“With all this drama, it is difficult to think of Rihanna’s stated version of independence, of being a ‘Good Girl Gone Bad,’ as the title of her biggest-selling album would have it, is being the object of badness, being subjugated… What makes this attitude even more disturbing is that it seems to have served only to make Rihanna more popular.”
Without missing a beat, Frere-Jones flings more thought-goo from the cauldron of my stewed brain and it sticks on the wall in this elegant, concise phrasing: “She has an exceptional physical beauty married to an unexceptional, almost disengaged sense of performance–she may be the most successful amateur ever.” I’ve already applied this lightbulb concept to other pop stars that suck, like Lana Del Rey, Ke$ha and Nickelback.
And, as a good critic should do, he calls out the pop star for what should be an obvious “phone-it-in” moment, her “performance” last month on Saturday Night Live. “She moves, in Timberland boots and a fatigue jacket, as if she had perhaps beard the song a few times before. There was one bit that reminded me of dancing.”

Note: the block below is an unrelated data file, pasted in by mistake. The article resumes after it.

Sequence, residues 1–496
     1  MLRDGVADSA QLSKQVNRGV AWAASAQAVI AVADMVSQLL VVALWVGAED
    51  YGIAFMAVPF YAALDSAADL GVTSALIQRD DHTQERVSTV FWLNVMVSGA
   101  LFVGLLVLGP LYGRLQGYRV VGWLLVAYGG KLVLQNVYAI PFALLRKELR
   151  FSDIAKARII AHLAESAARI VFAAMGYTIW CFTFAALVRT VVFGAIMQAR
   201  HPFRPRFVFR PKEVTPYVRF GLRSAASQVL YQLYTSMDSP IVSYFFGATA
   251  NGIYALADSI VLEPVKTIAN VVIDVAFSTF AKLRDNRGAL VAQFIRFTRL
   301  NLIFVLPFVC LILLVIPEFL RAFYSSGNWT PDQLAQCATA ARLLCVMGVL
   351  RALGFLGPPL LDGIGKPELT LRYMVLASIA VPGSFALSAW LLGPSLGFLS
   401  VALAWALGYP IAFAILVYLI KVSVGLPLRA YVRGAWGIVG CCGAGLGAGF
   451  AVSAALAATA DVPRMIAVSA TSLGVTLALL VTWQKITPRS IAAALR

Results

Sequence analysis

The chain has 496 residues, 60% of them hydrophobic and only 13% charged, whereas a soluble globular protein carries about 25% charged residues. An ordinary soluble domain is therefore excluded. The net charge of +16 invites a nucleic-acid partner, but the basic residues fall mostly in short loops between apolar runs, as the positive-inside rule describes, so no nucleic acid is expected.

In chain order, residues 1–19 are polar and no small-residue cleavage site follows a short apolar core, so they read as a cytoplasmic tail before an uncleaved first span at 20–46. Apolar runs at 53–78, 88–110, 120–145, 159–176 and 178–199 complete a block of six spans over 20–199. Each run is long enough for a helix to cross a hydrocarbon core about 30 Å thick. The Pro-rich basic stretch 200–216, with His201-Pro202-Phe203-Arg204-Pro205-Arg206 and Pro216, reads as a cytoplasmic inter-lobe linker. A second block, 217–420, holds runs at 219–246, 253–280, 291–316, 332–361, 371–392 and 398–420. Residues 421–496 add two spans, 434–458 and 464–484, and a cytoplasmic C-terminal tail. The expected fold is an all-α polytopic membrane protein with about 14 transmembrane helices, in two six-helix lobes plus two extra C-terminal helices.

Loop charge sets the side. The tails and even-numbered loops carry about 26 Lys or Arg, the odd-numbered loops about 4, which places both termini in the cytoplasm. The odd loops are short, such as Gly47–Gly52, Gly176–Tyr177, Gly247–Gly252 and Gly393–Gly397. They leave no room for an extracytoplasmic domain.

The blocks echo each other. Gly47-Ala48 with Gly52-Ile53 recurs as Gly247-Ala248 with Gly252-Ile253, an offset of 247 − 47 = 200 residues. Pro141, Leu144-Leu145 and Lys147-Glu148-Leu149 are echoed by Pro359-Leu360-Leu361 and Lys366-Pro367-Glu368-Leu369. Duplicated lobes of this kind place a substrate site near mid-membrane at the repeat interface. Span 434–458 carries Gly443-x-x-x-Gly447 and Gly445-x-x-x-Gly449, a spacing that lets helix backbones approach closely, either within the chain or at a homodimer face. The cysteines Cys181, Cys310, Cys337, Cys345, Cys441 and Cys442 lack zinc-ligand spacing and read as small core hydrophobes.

Unfortunately the article is paywalled, only available with a subscription or by purchasing the whole issue. But it’s a luxury worth paying for, if for nothing else than Frere-Jones’ music columns.
If you’re like me, you woke up on New Years Day and listened to the ultimate soothing hangover cure album, 20 Jazz Funk Greats by Throbbing Gristle.
If you’re not like me, you were probably paying attention to more popular music throughout the year 2012. Good news for you, then! Every year I compile a pop music quiz for you, the oh-so-smart CSI reader, eager to test your attention span for music (which, as the here-today-gone-tomorrow spotlight on Lana Del Rey taught us this year, is sometimes very short).
(Keyboard image via Shutterstock)
Click through for reviews.
Katy B at the Rickshaw Stop: “Katy On A Mission” is a hell of song. The rest, not so much, but Katy B bounced around the stage, was effervescent, etc. This show is memorable mostly for a) going to Roosevelt Tamale Parlor on 24th for the first time ever and b) hearing M83’s “Midnight City” played very loudly on club speakers.
Demdike Stare and Andy Stott at Public Works: A girl yelled “You’re the worst DJs in the world! I hate you!” repeatedly at Demdike Stare for 15 whole minutes. Andy Stott went on at 2:40am. I got a parking ticket, but it was worth it.